If the recipient can receive money – they will find a way to get the money from A to B.

    Ya’ll wanna know why you only have two choices – a Republican that takes money and a Democrat that takes money?

    It’s because giving money to an independent would be throwing it down a rathole.

    but what would happen if the Independent has the same campaign financial situation as a Republican or Democratic incumbent?

    If we want to clean up this cesspool, we must get the money out IMHO.

    and we need to make it a felony with jail time for anyone caught either giving or receiving corporate money.

    and if you want to see a really curious thing.. go to VPAP and look at who their corporate sponsors are….

    it’s the same folks who are listed as giving money to candidates…

    now… why would a company that gives money to legislators also give money to VPAP?

    think about this.

  18. Groveton Avatar

    “now… why would a company that gives money to legislators also give money to VPAP?”.

    Hide in plain sight.

    People think that corruption equals handing envelopes of cash to politicians in back alleys. If the action is handing money to political campaigns while visible on the internet – it can’t be corruption, can it? The fact that both approaches involve buying influence is forgotten.

    Here’s an easy example. Let’s say I decide to run for office. That’s going to cost some money. The more I get in contributions, the less I pay out of my own pocket. In the end, there is practically no difference between donating to my campaign vs. handing me money. Ultimately, every $1 you give to my campaign is $1 less that I spend of my own money.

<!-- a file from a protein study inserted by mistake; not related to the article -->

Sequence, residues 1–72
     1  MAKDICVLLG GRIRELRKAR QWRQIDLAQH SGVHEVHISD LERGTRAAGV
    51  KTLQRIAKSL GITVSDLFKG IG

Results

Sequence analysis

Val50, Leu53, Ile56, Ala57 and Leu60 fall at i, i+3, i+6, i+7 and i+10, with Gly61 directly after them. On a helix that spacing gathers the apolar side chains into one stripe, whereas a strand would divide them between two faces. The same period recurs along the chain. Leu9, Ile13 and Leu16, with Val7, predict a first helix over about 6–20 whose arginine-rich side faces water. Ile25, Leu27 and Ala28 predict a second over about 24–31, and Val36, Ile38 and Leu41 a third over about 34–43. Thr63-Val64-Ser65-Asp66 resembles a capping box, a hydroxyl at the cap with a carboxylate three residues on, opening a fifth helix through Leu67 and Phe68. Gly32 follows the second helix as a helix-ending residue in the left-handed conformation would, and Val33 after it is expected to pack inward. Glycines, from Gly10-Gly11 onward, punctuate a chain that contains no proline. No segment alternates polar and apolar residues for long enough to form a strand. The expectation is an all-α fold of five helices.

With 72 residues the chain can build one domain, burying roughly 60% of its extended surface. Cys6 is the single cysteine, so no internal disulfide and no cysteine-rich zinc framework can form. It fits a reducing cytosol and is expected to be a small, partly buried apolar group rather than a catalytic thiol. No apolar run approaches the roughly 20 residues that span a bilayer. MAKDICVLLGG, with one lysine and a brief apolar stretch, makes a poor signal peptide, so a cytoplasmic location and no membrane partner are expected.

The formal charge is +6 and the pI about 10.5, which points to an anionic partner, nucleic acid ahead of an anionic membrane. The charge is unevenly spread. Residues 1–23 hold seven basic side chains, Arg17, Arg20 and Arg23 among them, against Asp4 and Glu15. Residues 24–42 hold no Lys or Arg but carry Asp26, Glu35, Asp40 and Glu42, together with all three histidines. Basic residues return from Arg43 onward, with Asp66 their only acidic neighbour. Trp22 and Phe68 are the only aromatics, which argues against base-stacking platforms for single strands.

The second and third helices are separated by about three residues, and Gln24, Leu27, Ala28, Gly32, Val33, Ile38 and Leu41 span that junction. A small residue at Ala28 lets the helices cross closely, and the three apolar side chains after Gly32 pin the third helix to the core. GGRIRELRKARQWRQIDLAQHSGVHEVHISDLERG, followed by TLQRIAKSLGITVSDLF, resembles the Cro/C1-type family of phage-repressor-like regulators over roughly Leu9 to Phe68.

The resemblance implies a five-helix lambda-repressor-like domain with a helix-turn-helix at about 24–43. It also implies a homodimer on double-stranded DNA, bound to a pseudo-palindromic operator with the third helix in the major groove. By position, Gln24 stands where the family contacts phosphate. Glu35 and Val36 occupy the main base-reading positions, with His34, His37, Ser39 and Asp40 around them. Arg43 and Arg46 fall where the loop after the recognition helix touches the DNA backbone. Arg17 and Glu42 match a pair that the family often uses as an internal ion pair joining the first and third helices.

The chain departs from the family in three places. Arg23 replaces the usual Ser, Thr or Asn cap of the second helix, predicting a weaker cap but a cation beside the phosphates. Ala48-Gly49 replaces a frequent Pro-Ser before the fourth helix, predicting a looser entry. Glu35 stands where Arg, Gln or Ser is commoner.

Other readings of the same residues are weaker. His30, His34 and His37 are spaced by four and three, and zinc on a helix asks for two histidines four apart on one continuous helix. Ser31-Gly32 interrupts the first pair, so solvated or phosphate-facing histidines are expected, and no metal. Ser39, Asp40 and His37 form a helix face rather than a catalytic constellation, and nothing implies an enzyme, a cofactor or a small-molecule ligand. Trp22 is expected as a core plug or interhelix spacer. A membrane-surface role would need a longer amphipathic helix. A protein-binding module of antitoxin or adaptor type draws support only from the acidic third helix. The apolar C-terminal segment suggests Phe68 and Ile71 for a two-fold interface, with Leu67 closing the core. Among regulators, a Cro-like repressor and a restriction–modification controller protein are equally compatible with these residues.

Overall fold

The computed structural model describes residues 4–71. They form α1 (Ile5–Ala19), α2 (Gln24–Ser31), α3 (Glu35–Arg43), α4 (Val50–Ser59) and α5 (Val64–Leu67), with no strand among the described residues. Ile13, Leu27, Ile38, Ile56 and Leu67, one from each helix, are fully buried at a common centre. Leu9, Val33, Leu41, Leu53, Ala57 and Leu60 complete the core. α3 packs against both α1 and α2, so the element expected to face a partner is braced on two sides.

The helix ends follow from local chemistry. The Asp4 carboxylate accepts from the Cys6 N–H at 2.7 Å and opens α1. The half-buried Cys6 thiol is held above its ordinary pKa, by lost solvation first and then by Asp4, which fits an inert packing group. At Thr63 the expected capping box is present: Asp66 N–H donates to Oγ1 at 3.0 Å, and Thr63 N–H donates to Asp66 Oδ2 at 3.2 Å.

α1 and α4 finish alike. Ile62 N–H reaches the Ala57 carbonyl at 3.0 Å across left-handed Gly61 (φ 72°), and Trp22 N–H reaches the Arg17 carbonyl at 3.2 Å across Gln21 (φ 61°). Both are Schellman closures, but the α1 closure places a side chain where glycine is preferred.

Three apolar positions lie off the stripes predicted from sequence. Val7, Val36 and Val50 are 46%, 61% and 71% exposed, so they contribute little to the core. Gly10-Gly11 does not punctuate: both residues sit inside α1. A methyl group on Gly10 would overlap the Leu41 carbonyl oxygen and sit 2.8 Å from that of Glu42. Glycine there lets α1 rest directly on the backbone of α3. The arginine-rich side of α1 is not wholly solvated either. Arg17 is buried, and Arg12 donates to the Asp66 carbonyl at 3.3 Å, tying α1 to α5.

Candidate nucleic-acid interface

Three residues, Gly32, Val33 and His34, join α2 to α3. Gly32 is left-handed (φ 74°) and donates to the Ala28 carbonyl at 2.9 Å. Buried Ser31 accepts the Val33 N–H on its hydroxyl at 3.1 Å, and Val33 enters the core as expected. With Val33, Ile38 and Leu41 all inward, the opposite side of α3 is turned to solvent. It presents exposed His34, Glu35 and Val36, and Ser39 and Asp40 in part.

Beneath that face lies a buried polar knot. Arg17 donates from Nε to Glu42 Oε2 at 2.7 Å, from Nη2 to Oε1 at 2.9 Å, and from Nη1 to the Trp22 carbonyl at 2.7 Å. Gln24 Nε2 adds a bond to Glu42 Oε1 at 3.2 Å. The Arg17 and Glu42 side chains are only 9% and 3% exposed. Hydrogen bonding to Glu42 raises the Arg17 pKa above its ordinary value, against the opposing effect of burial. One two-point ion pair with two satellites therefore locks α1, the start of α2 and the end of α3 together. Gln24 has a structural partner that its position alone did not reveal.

Now comes the next fallacy – if you eliminate campaign contributions then only rich people will be able to run for office. This is true only if campaign spending is allowed to remain uncapped. If there were limits on what a campaign could spend then part of a winning candidate’s formula would have to be fiscal efficiency. Gee – I wonder if that skill might come in useful if elected?

  19. Anonymous Avatar

    Larry, let’s go further. No money except from individuals. No corporate money; no union money; no Sierra Club money; no Committee to Rescue Bad Land Investment money; no PEC money. No PACs; no bundling.

    Laundering money (i.e., A gives money to B, who gives it to Candidate C) becomes a felony.

    Also, place limits on self-financing.


  20. “Ultimately, every $1 you give to my campaign is $1 less that I spend of my own money.”

    It’s worse than that. You throw parties and go to dinner on the campaign credit card — standard practice. Tom DeLay went above and beyond by buying a condo & a car with campaign cash, decorating the condo with artwork purchased through his ‘charity.’ A few staffers have pleaded guilty, but none have gone to jail yet. The mastermind (not Tom) hasn’t even been charged.

    $80,000 bribe in the freezer? Be sure to visit my website. Only the most entertaining member of congress gets the shaft.

    “Now comes the next fallacy – if you eliminate campaign contributions then only rich people will be able to run for office.”

    It’s no fallacy, it’s absolutely true. You cap spending, and you’ve got 100% incumbency retention rate. Well, in the Commonwealth, we already have 100% incumbency retention. But at the federal level, there’s NO WAY to beat the incumbent advantage without cash.

    “No money except from individuals. No corporate money; no union money”

    You speak truth.

  21. Larry Gross Avatar
    Larry Gross

    I agree with TMT.

    Outlaw anything that is no individual donations.

    Cap those donations and report every one of them electronically within 24 hours of donation.

    RSS – the SBE or VPAP sites to automatically transmit daily summaries.